Geranium erianthum is an alpine plant growing in dry habitats, which is distributed from East Asia to northern coastal regions of the northern Pacific. The ice-free area around the current Bering Strait (i.e., Beringia) had played an important role in range expansion into neighboring regions such as East Asia and North America for some alpine plants. However, recent studies suggest that some alpine plants in snowbed environment spread from East Asia to northern coastal regions of the northern Pacific. In this study, we investigated phylogenetic relationships and genetic differentiations among populations of G. erianthum and the related species using the chloroplast genome and single-nucleotide polymorphisms, to evaluate the alternative biogeographic hypotheses in which region of Beringia, British Columbia or East Asia is probable for its distributional origin. Range reconstruction based on phylogenetic tree of chloroplast genome indicated G. erianthum and related species originated in East Asia, from where G. erianthum migrated eastward into Beringia and British Columbia. In addition, nuclear genome-wide SNPs indicated that no significant genetic differentiation was detected between Japanese and Beringian populations. The lack of genetic differentiation suggests that the current range of G. erianthum resulted from rapid range expansion during the latter period of the last glacial era. Overall, the East Asian refugium hypothesis was applicable to the alpine plant G. erianthum in dry habitat, indicating that range expansion pattern from East Asia into the northern Pacific may be more common rather than limited for snowbed species.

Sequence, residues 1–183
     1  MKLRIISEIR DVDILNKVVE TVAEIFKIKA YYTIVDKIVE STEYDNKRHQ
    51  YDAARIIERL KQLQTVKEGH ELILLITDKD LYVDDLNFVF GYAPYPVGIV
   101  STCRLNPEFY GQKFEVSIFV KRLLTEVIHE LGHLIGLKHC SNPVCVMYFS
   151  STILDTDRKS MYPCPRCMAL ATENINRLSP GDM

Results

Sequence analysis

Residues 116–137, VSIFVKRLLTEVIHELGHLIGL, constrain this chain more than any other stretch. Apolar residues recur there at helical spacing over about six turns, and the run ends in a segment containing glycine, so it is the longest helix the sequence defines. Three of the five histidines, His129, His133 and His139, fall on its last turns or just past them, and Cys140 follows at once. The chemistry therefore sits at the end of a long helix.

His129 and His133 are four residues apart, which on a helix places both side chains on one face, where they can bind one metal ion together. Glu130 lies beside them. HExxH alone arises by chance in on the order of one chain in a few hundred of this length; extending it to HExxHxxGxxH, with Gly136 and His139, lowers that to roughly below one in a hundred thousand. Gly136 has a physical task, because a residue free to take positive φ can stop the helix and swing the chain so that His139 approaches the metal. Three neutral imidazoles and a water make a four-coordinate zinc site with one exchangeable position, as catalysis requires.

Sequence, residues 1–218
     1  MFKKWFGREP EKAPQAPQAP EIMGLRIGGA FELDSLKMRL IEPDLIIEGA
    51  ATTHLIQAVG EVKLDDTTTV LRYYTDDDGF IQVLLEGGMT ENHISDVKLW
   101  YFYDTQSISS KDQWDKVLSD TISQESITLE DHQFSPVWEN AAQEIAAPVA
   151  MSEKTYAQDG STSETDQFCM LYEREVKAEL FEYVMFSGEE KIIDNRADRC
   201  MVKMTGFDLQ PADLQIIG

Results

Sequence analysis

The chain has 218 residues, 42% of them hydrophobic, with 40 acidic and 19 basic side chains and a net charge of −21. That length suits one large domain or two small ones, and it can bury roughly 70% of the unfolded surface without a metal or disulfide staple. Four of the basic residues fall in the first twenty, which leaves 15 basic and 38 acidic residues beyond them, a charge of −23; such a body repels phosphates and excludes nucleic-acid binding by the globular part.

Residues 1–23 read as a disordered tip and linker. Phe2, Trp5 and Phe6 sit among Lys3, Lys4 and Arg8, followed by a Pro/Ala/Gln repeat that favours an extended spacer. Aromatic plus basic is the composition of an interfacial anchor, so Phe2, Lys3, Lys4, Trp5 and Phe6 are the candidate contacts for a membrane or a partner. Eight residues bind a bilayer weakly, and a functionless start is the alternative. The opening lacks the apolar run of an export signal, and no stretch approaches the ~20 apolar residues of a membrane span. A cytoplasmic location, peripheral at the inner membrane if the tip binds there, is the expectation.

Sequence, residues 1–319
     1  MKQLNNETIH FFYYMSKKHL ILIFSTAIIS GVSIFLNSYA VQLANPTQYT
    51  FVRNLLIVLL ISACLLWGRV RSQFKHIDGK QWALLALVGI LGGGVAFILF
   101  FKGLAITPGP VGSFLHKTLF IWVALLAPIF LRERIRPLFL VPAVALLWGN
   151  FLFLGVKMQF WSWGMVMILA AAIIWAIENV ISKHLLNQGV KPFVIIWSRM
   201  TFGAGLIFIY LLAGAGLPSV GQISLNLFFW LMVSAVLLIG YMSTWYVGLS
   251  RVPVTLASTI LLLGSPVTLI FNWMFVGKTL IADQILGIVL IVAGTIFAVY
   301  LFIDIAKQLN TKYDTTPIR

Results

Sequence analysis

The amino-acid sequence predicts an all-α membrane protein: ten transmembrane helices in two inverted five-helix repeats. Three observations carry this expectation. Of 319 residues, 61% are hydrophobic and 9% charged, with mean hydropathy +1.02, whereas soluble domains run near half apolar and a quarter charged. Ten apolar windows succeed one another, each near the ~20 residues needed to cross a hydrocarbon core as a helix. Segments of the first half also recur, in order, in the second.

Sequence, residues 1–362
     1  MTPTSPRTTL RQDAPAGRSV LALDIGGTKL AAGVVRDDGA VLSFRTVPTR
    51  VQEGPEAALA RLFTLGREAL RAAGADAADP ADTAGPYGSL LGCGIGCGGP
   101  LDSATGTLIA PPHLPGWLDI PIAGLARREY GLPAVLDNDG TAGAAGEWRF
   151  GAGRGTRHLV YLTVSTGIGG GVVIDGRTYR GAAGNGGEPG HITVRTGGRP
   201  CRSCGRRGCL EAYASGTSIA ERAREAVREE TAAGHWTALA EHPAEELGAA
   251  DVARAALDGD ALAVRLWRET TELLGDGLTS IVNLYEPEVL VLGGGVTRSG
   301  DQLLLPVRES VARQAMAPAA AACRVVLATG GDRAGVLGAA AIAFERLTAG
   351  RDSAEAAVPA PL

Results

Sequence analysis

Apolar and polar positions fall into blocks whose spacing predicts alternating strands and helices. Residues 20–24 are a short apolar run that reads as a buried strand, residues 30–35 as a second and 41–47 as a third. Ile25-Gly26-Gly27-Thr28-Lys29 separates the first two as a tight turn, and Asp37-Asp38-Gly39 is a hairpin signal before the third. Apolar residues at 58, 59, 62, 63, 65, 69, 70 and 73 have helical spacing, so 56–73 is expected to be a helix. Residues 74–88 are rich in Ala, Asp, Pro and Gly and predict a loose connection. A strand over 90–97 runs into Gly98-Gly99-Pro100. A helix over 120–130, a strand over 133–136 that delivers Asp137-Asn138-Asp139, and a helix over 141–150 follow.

- Alpine plant
- Ancestral range reconstruction
- East Asia
- Last glacial period
ASJC Scopus subject areas
- Ecology, Evolution, Behavior and Systematics
- Plant Science